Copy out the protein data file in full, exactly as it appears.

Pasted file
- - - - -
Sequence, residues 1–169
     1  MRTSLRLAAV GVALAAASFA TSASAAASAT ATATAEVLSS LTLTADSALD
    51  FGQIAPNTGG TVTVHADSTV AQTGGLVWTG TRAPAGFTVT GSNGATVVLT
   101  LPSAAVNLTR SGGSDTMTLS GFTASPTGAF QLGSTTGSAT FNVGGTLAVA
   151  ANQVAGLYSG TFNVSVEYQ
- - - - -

Sequence, residues 1–169
     1  MRTSLRLAAV GVALAAASFA TSASAAASAT ATATAEVLSS LTLTADSALD
    51  FGQIAPNTGG TVTVHADSTV AQTGGLVWTG TRAPAGFTVT GSNGATVVLT
   101  LPSAAVNLTR SGGSDTMTLS GFTASPTGAF QLGSTTGSAT FNVGGTLAVA
   151  ANQVAGLYSG TFNVSVEYQ